12Selected Sectors Contribution to GDP (2009) Industry% ContributionAgriculture15.5%Transport & Communications15.2Manufacturing14.7Tourism11.0Mining4.9Construction0.6Real estate2.0Finance & Insurance3.9Other services4.3Domestic Services1.8
14Economic Indicators for selected SADC Countries (2009) CountryGDP (US$b)GDP GrowthInflation RateZimbabwe5.1794.7-1.1Angola70.53-0.613.1Botswana10.94-5.27.3DRC11.232.716.7Lesotho1.643-2.08.5Malawi4.975.9Mauritius9.262.13.4%Mozambique188.8.131.52%Namibia184.108.40.206%Swaziland2.96-0.48.5%Tanzania22.44.911.6%Zambia12.444.513.5South Africa280.6-1.87.2%Source: Zimbabwe Budget Statement 2010
15Zimbabwe's Exports 2005-2009 Year Total Exports No. Of Exported productsTrade Balance20051 13120061 37420071 367200820091 076
16Table Zimbabwe Exports to Region (Trade Balances- Major Trading partners) Country200720082009*Botswana-57821Lesotho4596117525032*Malawi4836123258Mauritius-6837-3414-41717*Mozambique-73198Namibia112033889239South AfricaSwaziland525427867177Zambia146338191-8677* Zimbabwe recorded surplus trade before 1995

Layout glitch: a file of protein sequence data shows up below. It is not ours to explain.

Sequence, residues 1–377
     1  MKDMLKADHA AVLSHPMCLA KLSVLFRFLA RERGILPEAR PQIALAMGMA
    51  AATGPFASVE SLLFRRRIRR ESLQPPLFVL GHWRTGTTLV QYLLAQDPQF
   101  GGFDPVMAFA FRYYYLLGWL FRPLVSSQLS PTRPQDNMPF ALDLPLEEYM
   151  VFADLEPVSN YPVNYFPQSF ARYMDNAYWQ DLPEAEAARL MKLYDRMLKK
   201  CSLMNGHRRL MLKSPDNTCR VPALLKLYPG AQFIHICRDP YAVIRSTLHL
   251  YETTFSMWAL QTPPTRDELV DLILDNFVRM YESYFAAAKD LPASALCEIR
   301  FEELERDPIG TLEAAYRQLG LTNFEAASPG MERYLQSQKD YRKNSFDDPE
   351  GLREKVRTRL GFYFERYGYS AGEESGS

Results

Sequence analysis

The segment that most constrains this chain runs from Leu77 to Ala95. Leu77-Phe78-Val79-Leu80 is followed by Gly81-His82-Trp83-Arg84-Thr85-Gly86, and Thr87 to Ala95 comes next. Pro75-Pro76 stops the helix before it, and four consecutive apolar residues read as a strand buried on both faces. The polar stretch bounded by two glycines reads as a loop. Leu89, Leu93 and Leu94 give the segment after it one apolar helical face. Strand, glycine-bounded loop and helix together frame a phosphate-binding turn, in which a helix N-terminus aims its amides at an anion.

17Potential Areas for Investment - Zimbabwe 1. AgricultureContract Farming to support Agro processingIrrigation RehabilitationLivestock Development and farming ( Small-scale dairy farming; rearing small animal stock, including poultry and piggery)2. ManufacturingTargeted sectors for small – medium investment include:food processing, beverages,clothing and footwear, leather & Leather products , packaging, paper printing and publishing,Tourism, construction , services sector andhuge investments in textile and ginning, fertiliser, pharmaceuticals, motor industries, chemical and petroleum products, non metallic mineral products, among others.3. IT and Technology4. Micro Financing to provide working capital to micro and small business ventures and manufacturing entities